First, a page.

The attempt of adopting PPP model by the government has brought in a paradigm shift in several service sectors such as railways, Information technology (IT) including cardiac healthcare delivery in India.
According to the Ministry of Health and Family Welfare, it is estimated that there are over 60 million patients with heart disease in India with over 2 million heart attacks every year. The low rates of health care spending by the state and national governments, uneven distribution of basic healthcare facilities, and the inability of large populations of rural and urban poor to access high-quality care further increases the challenge for health authorities to tackle the swelling disease burden.
Added to this is the disproportionately high prevalence of coronary artery disease in lower socioeconomic classes and consequent higher mortality due to poor access to affordable, high-quality health care. All these challenges toward acute treatment need to be balanced against additional health priorities toward prevention, and this scenario in India represents a prototypical case for many low- and middle-income countries.
Public health experts claim that PPP model can be considered a solution to this problem; however, the potentially effective PPP initiative is plagued by several problems in parallel, major being unawareness among the masses.
"PPP model is the only solution to provide universal health coverage. We need to take an insight in the PPP model. In urban areas, there is the availability of quality healthcare facilities through private sector even if it is costly; it is there. The main problem is with the rural areas that lack quality healthcare facilities. In rural areas and Tier 2 and Tier 3 cities, where the private sector can play a pivotal role in bringing healthcare to the poor," said Dr. Prathap.
According to the economic survey 2018 expenditure by the government healthcare providers accounted for only 23% of the Current Health Expenditure (CHE). In parallel, the National Health Accounts (NHA) 2014-15 reflected the prominence of private hospitals and clinics among health care providers coupled with marked variation in prices of diagnostics across the country.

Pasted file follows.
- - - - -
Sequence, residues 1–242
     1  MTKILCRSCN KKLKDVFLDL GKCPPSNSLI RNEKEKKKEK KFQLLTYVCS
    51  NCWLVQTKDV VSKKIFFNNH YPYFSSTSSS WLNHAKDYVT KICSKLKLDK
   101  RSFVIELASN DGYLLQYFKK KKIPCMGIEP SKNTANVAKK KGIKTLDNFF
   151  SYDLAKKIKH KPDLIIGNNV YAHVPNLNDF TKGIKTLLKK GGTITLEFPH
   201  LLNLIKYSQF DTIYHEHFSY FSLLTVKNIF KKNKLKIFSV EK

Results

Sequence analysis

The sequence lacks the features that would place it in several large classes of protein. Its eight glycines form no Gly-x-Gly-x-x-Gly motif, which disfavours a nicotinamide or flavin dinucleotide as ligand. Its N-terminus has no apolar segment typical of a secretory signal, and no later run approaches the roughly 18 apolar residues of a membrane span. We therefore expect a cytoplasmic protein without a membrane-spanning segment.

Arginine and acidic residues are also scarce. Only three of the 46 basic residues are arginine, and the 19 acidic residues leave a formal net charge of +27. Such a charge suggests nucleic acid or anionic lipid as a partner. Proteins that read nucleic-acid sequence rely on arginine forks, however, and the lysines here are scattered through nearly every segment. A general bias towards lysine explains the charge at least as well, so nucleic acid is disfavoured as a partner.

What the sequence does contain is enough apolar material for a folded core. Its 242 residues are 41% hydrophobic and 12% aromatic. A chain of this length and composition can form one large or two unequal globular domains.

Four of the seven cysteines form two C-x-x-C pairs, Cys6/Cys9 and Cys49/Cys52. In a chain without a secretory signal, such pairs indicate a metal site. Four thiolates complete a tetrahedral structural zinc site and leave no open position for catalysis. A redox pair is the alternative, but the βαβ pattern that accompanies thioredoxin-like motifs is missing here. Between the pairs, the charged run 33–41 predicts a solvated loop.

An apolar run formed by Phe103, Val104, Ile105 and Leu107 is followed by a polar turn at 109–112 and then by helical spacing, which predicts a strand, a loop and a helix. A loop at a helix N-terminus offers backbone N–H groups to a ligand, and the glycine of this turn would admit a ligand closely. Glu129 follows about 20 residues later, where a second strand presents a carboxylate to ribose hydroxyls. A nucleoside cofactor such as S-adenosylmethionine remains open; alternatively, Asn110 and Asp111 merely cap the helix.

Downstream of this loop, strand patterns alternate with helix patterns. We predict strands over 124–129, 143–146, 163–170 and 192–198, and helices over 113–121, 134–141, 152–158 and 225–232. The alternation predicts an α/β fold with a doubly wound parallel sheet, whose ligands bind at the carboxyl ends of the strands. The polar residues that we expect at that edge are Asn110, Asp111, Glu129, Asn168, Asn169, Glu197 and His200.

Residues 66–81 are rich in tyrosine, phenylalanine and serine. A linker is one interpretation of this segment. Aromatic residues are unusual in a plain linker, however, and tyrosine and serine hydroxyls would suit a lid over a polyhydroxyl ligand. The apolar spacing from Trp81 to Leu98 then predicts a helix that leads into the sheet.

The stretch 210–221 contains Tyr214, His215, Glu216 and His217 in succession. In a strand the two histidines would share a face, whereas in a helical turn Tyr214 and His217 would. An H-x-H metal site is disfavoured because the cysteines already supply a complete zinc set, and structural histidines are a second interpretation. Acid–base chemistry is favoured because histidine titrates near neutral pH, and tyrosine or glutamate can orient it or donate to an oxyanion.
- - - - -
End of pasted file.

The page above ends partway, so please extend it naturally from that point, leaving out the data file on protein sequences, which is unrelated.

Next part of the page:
"Private health sector is the primary source of health care in urban areas (56%) and also in rural areas (49%). The most commonly reported reason for not using government health facilities at the national level is the poor quality of care reported by 48% of households that do not generally use government facilities. The second most commonly reported reason is that no government facility is nearby, reported by 45% of households followed by the long waiting time at government facilities (41%)," the survey report says. The hefty costs of private hospitals are born by the families pushing them towards out of pocket expenditure as a majority of the population is not covered by any health insurance.
"The major problem is unawareness among people that free and highly subsidized medical procedures are available for the poor. Even after we started providing free surgeries in Haryana, people didn't know that there is such a facility," he said.
In 2017, the government's think tank NITI Aayog proposed the ministry of health and family welfare to adopt the PPP model to provide diagnosis and treatment for major non-communicable diseases in smaller cities including cardiac diseases. The proposal seeks to set up centers under the PPP model in district-run hospitals which have at least 250 beds and an average daily footfall of 1000 patients in OPDs in the last couple of years.